WMU launches online cybersecurity undergraduate degree

Contact: Joy Brown
A woman studying at a computer.

KALAMAZOO, Mich.—Beginning fall 2020, WMU will offer a fully online Bachelor of Science in Cybersecurity that will benefit graduates and organizations in multiple ways. Enrollment is now open for the four-year degree program designed to help meet the increasing workforce demand for digital security specialists in areas ranging from government defense to supply chain operations.

Demand for cybersecurity experts has been growing for years as online professional and personal activities have increased. According to the U.S. Bureau of Labor Statistics, information security analyst jobs are expected to grow by 32% through 2028. As of 2018, the median annual pay was $98,350. Available positions are only expected to increase as organizations recognize how vital cybersecurity specialists are to their operations.

“We developed this degree based on the demand from industry,” says Jason Johnson, lecturer in the College of Engineering and Applied Sciences.

Companies, nonprofits, governments, schools and more need individuals skilled in technical disciplines, such as network security and data protection, to avoid breaches that can jeopardize physical safety, security and finances.

The COVID-19 pandemic, which has increased the number of online users and exposed the safety vulnerability of software and videoconferencing platforms, is further fueling the need for specialists who know how to keep digital data and interactions secure.

Students in WMU’s program will have the added advantage of acquiring invaluable skills that extend beyond the screen. Rather than developing curricula solely from a computer science perspective, WMU’s interdisciplinary cybersecurity major also relies on the Haworth College of Business for a business viewpoint on cybersecurity. The academic collaboration, program organizers say, will offer essential learning for today’s cybersecurity professionals who work in both realms.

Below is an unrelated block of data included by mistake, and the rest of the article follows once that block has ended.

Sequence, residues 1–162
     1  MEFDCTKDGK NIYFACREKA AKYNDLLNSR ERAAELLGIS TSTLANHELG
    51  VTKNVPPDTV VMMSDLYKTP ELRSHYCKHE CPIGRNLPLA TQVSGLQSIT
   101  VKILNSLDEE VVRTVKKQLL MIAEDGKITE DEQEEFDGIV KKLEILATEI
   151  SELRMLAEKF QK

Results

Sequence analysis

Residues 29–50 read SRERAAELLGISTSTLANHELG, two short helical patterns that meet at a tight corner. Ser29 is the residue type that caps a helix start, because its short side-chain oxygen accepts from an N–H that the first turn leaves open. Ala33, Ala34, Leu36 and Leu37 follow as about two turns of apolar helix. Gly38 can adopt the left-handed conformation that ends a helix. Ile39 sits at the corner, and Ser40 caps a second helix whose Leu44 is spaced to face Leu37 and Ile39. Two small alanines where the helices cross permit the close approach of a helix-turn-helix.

A man sitting at three computer monitors moving his mouse.

“Companies are hungry for graduates who have tactical skills but also the ability to strategize, collaborate and communicate. As we have seen with the recent COVID-19 pandemic, data security is more important than ever as organizations provide remote work environments and the required security for their operations. Recent events will serve to accelerate and expand the demand for qualified cybersecurity professionals,” says Dr. Alan Rea, professor of business information systems.

“Security lies in this unique area where you have to understand the business side and the technical side” rather than one or the other, says Johnson. “You can get away with being a manager of a division and have no idea how software is written, and you can be a software engineer who just codes all day, but with security, you absolutely have to understand how to translate between those two worlds.”

WMU’s cybersecurity students will also acquire practical experience as they earn their degrees. For instance, they will be required to complete a senior capstone project with a yearlong collaboration between student teams and organizations working to develop some aspect of their overall cybersecurity posture.

“This might be a software development project, network infrastructure hardening or an overall risk assessment of their technology, people and processes,” says Rea.

Overall, the program will offer the utmost in timing and location flexibility, thanks to an asynchronous learning platform. Students will be able to access presentations and other material to meet deadlines, but will be able to do so at their most convenient times. Meanwhile, online input and interactions between students and instructors will take place during each course. 

Talks are progressing with regional community colleges for articulation agreements that would allow students to easily transfer to WMU.

The program is designed to be taken anywhere in the world, and to be expansive enough to train for a wide variety of cybersecurity positions that keep important online information and transactions secure. 

“Hackers are evolving. It’s gotten away from the kid in his mom’s basement defacing websites. That was petty vandalism in a lot of cases,” says Johnson. “Now, it’s corporate espionage. It’s nation-states. Things are getting much more organized and the attackers are finding many more ways to profit by breaching security at all different levels.”

Program organizers, however, point out the need for cybersecurity experts is not just one of immediacy.

“Cybersecurity professionals will be in demand for the long term. Even after the pandemic subsides and organizations strategize to determine which virtual offerings worked well and which ones did not,” says Rea, “cybersecurity specialists are one of the best ways to mitigate or manage risk in a company or organization.”

For more WMU News, arts and events, visit WMU News online.